The complaint alleges that on May 16, 1933, the aforesaid lessors conveyed to E. E. Bogart, a citizen of New York state who was named as a party plaintiff in this action, an undivided one-half interest in all of the oil and/or gas in and under their farm property, and that Bogart subsequently transferred to Gordon, Clancy, and Liederbach (named as plaintiffs) three-eighths of his undivided one-half interest. Whether Clancy may maintain this action depends on whether Bogart can do so, because Clancy, Gordon, and Liederbach got no more than Bogart had to give.
The assignment to Bogart was made expressly subject to the terms of the lease to defendants and carried with it only a transfer of one-half of the gas and oil royalties due and to become due.It expressly provided that none of the rentals belonged to Bogart. In case of cancellation for any reason Bogart was to have one-half of any subsequent rentals received by the assignors from others. The assignors did not intend to transfer the cause of action set up in the complaint, otherwise they would have expressly so stated in the instrument as permitted by section 41 of the New York State Personal Property Law (Consol. Laws, c. 41). The terms of the assignment are not appropriate to carry with it any transfer of a cause of action for rescission on the ground that the execution of the contract was procured by false and fraudulent representations made, outside of the contract, by the assignees. The assignment to Bogart did not cover it. Comstock v. Ames, *42 N.Y. (3 Keyes) 357, 1 Abb.Ct. App. Dec. 411; Henry v. Daley, 17 Hun (N.Y.) 210; Bloomingdale v. Hodges, 21 Misc. 6, 46 N.Y.Supp. 859; Fox v. Hirschfeld, 157 App.Div. 364, 142 N.Y.Supp. 261; Ettar Realty Co. v. Cohen, 163 App.Div. 409, 148 N.Y.Supp. 625. Bogart was not a party to the original lease, nor was any fraud practiced on him. It follows that Bogart, Gordon, Clancy, and Liederbach, named as plaintiffs in this action, are neither necessary nor proper parties, and the complaint fails to state a cause of action in their behalf.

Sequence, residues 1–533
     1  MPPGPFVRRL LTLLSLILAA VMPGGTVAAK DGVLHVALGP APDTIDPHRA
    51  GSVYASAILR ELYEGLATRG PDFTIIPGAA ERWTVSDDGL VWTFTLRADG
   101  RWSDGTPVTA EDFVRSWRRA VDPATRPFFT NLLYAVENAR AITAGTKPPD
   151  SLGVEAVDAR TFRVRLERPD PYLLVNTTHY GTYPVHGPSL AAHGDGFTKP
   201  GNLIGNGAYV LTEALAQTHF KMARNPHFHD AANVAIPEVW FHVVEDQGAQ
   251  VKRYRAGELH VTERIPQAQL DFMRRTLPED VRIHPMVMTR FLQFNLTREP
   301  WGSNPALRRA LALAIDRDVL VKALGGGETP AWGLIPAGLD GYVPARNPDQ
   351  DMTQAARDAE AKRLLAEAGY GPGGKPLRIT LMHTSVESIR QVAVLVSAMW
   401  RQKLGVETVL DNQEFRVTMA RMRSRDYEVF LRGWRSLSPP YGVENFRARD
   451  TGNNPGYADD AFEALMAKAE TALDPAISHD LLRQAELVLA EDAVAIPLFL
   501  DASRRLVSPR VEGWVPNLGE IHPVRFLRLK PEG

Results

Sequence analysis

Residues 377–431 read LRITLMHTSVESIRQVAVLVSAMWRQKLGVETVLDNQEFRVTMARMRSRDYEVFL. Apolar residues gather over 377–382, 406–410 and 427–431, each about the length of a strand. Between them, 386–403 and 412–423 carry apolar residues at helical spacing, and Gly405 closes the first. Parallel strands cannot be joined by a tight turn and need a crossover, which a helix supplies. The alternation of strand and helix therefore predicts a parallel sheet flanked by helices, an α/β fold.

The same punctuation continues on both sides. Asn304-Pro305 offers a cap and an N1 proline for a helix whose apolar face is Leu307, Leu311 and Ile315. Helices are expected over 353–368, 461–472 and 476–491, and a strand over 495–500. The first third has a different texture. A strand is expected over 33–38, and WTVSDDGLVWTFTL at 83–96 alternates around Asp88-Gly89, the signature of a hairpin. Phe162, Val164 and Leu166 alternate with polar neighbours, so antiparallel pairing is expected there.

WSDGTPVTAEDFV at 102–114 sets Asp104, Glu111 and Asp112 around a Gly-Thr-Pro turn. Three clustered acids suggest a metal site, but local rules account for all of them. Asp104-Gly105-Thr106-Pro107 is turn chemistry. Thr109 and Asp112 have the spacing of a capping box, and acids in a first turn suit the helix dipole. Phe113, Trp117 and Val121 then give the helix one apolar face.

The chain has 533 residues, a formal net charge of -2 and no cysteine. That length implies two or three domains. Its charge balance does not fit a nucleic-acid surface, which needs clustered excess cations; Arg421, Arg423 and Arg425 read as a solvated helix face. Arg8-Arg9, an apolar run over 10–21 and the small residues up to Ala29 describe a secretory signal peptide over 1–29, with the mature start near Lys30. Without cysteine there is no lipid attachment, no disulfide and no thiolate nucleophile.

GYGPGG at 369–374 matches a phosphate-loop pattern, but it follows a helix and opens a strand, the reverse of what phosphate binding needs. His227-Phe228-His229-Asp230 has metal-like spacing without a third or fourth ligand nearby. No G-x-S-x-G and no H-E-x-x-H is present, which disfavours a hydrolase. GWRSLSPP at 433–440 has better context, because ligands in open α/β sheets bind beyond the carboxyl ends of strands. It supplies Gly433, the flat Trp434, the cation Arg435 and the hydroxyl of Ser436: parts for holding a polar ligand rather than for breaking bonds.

Jurisdiction cannot be defeated by joining formal or unnecessary parties. Wormley v. Wormley, 8 Wheat. 421, 451, 5 L. Ed. 651; Walden v. Skinner, 101 U.S. 577, 589, 25 L. Ed. 963; Wilson v. Oswego Township, 151 U.S. 56, 64, 14 S. Ct. 259, 38 L. Ed. 70. It is permissible for the court to examine the record for the purpose of ascertaining what the subject-matter of the controversy is and of discarding mere appearances, and for the purpose of ascertaining who are the actual litigants. McHenry v. New York, P. & O.R. Co. (C.C.) 25 F. 65; Wood v. Davis, 18 How. 467, 15 L. Ed. 460; Barney v. Latham, 103 U.S. 205, 26 L. Ed. 514. Only indispensable parties should be considered on a motion to remand, because all other parties may be dismissed and disregarded where their presence would oust or restrict the jurisdiction of the court. Geer v. Mathieson Alkali Works, 190 U.S. 428, 432, 23 S. Ct. 807, 47 L. Ed. 1122; Bacon v. Rives, 106 U.S. 99, 104, 1 S. Ct. 3, 27 L. Ed. 69. Furthermore, and entirely beyond that point, it is not the citizenship of Clancy, the assignee of Bogart, that is material; it is the citizenship of Bogart, the assignor, upon which the jurisdiction of the court depends (28 U.S.C.A. § 41(1); Mexican Nat. R. Co. v. Davidson, 157 U.S. 201, 15 S. Ct. 563, 39 L. Ed. 672; Smith v. Fifield (C.C.A.) 91 F. 561; Parker v. Ormsby, 141 U.S. 81, 11 S. Ct. 912, 35 L. Ed. 654; Kraut v. Worthington Pump, etc., Corporation (D.C.) 1 F.Supp. 307; Mexican Gulf Oil Co. v. Compania Transcontinental De Patroleo, S.A. (D.C.) 281 F. 148, affirmed (C.C.A.) 292 F. 846.
A motion was presented contemporaneously with the motion to remand to dismiss the complaint as to the plaintiffs Bogart, Gordon, Clancy, and Liederbach. Those parties being unnecessary parties to the action, and the court having jurisdiction of the case, and the complaint stating no cause of action in behalf of said parties, the motion to dismiss as to them should be granted.
The defendant has also moved to dismiss the complaint as to Henry N. Wittmer and George Wittmer, Jr., Thomas Wittmer, R. H. Smith, and F. C. Klussman, doing business under the assumed name of Wittmer Oil & Gas Properties. Under the pleadings, recovery may be had against the corporation or against the individual defendants or against both, as the facts may appear upon the trial, and the motion is denied.
The defendants also move contemporaneously with the motion to remand for permission to file an amended answer so as to set up facts which came to the attention of counsel subsequent to the filing of the answer in this case. The question as to whether the proposed amendment is necessary, in view of the dismissal of the complaint in so far as Bogart, Clancy, Gordon, and Liederbach are concerned, is not ...